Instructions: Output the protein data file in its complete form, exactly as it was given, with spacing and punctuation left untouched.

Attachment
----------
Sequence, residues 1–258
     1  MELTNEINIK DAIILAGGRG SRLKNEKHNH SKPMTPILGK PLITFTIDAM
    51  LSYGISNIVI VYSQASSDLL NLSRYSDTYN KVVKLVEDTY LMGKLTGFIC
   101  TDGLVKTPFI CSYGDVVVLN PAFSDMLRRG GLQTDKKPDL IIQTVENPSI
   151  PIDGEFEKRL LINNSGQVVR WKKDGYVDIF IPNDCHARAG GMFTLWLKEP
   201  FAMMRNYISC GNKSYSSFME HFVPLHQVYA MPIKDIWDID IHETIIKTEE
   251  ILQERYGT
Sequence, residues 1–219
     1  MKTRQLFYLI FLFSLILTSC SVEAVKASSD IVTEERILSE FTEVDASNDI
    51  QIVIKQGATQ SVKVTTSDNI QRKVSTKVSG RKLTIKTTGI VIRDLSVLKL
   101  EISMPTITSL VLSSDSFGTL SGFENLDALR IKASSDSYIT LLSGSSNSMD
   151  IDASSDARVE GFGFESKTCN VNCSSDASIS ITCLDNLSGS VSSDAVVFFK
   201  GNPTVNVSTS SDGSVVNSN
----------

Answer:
Sequence, residues 1–258
     1  MELTNEINIK DAIILAGGRG SRLKNEKHNH SKPMTPILGK PLITFTIDAM
    51  LSYGISNIVI VYSQASSDLL NLSRYSDTYN KVVKLVEDTY LMGKLTGFIC
   101  TDGLVKTPFI CSYGDVVVLN PAFSDMLRRG GLQTDKKPDL IIQTVENPSI
   151  PIDGEFEKRL LINNSGQVVR WKKDGYVDIF IPNDCHARAG GMFTLWLKEP
   201  FAMMRNYISC GNKSYSSFME HFVPLHQVYA MPIKDIWDID IHETIIKTEE
   251  ILQERYGT
Sequence, residues 1–219
     1  MKTRQLFYLI FLFSLILTSC SVEAVKASSD IVTEERILSE FTEVDASNDI
    51  QIVIKQGATQ SVKVTTSDNI QRKVSTKVSG RKLTIKTTGI VIRDLSVLKL
   101  EISMPTITSL VLSSDSFGTL SGFENLDALR IKASSDSYIT LLSGSSNSMD
   151  IDASSDARVE GFGFESKTCN VNCSSDASIS ITCLDNLSGS VSSDAVVFFK
   201  GNPTVNVSTS SDGSVVNSN